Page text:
A trio of talented running backs led by holdover Lee Suggs and an explosive receiving corps headlined by former Michigan star Braylon Edwards, the fifth pick in this year's draft, could give Dilfer, at 33, a final shot at proving he's a first-rate NFL starter. His career marked by Baltimore's not re-signing him after the Super Bowl triumph, Dilfer started all of 12 games in four seasons with the Seahawks. He was the sixth pick in the 1994 draft, but he struggled in the role of would-be savior of the long-suffering Buccaneers until Tony Dungy arrived as coach in 1996 and reenergized the franchise. In Crennel, Dilfer sees a similarly poised and purposeful leader.

"He seems like he's been a head coach for 10 years, like he was always meant to do this, which is the same way Tony was," Dilfer says. "There's no insecurity, no trying to prove something. He says what he means and he means what he says."

Crennel has installed the same 3--4 defense that was so successful in New England, though it's doubtful the Browns will be able to run it as deftly the first year. Cleveland's front seven is painfully thin, and the secondary could have four new starters. One other difference between last season's defense and this season's is that the players vow to work through the rough times as a unit, as opposed to 2004, when they were a fractured mess. "All year we heard all this b------- about togetherness, and then the head man went and ran off," Tucker recalls. "The last few games were kind of a joke. Not everybody here has to be a household name, but we all want to follow Romeo."

Crennel is taking the high road. "We do have some ability on this team," he says. "We're trying to start something new, to develop an attitude. I want a group of tough-minded, physically tough guys who value winning, the team and their jobs. If we can get those kinds of guys, we'll be on the right track." --M.S.

PLAYMAKER

Less than 18 months ago, Dennis Northcutt's agent, Jerome Stanley, vowed that his client would never play for the Browns again in the wake of a contract filing-date dispute. But the issue was resolved, and the 5'11", 171-pound wideout caught a team-leading 55 passes for 806 yards in 2004, including eight receptions of 30 yards or more. A gifted return man as well, Northcutt had eight touchdowns in '02--two on punt returns, five as a receiver and one as a rusher--despite not being a regular starter.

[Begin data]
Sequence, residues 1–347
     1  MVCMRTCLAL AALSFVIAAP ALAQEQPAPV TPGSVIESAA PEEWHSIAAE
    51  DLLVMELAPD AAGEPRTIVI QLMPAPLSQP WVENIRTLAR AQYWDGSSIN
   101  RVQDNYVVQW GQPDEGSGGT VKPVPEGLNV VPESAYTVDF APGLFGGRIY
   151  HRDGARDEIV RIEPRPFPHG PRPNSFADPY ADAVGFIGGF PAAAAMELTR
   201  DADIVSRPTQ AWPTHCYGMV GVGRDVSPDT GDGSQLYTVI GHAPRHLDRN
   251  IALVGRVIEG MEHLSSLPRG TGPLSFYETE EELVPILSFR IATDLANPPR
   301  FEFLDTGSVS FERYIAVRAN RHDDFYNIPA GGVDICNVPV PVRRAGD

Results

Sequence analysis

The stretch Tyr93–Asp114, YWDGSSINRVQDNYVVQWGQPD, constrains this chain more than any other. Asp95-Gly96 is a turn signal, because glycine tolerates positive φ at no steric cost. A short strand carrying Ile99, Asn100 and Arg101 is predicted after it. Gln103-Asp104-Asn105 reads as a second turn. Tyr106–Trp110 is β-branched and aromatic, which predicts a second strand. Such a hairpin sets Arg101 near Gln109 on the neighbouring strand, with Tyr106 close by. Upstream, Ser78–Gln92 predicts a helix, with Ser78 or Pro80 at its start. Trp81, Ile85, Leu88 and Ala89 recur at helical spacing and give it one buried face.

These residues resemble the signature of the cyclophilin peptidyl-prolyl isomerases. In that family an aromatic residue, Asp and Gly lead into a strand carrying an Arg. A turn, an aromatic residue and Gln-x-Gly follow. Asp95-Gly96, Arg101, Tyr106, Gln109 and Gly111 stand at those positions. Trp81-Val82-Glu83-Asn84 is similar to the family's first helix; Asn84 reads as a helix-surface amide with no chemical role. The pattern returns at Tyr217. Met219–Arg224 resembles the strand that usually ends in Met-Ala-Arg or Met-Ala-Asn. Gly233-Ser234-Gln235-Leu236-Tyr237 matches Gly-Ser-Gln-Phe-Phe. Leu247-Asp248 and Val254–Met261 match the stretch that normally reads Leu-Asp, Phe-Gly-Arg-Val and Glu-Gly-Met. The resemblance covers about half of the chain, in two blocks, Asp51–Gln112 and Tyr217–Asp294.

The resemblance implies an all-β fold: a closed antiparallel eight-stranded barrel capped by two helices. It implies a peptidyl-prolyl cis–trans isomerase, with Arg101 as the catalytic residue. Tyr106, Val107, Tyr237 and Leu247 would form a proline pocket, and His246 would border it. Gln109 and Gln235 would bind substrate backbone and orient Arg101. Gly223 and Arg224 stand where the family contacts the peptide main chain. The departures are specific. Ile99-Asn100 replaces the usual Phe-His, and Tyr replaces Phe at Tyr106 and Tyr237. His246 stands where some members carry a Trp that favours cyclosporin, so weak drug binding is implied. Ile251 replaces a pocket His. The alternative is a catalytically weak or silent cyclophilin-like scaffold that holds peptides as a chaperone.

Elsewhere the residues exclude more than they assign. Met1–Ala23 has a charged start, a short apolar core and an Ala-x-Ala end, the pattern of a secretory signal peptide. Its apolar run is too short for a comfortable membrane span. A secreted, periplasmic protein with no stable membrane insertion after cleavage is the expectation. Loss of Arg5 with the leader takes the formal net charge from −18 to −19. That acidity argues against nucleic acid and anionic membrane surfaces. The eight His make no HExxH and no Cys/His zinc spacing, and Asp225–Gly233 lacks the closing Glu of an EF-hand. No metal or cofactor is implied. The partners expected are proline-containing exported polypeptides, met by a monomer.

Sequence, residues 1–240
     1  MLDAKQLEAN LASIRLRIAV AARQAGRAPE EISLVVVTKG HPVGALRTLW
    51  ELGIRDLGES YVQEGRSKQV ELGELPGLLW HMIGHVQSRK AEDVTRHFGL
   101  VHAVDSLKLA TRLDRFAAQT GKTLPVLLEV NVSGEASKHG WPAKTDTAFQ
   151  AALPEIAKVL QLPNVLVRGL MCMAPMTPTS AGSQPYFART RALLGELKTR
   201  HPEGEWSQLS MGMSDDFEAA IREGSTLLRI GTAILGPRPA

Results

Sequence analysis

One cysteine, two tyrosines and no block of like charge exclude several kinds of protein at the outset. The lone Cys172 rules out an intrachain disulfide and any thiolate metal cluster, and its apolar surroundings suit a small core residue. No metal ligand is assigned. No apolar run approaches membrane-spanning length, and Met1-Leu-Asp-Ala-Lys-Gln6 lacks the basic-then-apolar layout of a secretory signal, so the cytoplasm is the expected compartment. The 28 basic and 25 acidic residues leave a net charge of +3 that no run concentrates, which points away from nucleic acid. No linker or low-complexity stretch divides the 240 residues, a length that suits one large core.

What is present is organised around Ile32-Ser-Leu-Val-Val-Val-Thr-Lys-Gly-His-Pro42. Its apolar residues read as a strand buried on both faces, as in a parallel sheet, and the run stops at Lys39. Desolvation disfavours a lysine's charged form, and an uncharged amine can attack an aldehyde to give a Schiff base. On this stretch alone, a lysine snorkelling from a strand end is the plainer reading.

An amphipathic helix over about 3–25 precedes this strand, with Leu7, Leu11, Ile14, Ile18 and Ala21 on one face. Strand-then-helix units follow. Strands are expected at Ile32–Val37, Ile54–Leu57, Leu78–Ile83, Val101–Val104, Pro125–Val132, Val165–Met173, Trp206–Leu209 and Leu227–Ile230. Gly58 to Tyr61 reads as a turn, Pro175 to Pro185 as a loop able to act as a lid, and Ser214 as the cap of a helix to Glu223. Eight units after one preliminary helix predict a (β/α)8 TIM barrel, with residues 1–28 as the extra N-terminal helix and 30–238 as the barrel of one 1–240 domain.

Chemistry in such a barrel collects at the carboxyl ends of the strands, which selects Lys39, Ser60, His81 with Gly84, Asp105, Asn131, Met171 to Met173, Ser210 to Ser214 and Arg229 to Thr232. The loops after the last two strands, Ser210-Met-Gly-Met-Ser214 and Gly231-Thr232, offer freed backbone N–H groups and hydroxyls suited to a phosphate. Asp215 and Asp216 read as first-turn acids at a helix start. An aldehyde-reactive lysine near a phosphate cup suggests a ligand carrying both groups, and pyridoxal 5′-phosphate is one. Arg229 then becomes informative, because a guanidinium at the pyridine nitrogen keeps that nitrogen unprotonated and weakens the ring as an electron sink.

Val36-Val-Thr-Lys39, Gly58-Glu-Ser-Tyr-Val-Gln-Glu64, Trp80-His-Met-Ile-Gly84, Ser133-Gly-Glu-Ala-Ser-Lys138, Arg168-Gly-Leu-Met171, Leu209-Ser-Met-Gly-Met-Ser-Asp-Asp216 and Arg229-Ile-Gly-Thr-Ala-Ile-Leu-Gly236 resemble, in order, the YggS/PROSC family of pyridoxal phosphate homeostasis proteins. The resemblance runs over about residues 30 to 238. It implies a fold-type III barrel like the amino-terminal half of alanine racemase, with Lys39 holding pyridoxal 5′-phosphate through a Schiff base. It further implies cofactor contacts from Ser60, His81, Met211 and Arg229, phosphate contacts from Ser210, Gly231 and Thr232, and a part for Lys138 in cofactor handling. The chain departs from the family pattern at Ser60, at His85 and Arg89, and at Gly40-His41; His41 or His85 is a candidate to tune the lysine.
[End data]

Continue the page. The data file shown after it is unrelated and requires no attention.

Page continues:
AN OPPOSING SCOUT'S VIEW
ENEMY LINES

They've upgraded their talent. Their receiving corps was already full of playmakers, and then they drafted Braylon Edwards. I don't know how many "nontalented" teams have those kind of playmakers.... There might not be a tougher guard in the league than Joe Andruzzi, and if L.J. Shelton can get back to his previous level, they could have a pretty good line. Shelton didn't play as well after Denny Green got to Arizona, because they didn't see eye-to-eye.... Losing tight end Kellen Winslow Jr. [torn ACL] obviously hurts them, but Steve Heiden and Aaron Shea did a nice job when he was out last year. All they have to do is complement the big-play guys at wide receiver.... The key will be how quickly they can pick up a new [3--4] defense. Orpheus Roye has been a steady, tough guy who brings it every week.... All those young linebackers that Butch Davis threw out there last year have some experience, which should help them.... They made two good pickups in the secondary: Gary Baxter is a big, physical corner who can play the run and gets up in your face on bump-and-run coverage; Brian Russell is a tough, fill-the-alley type of safety.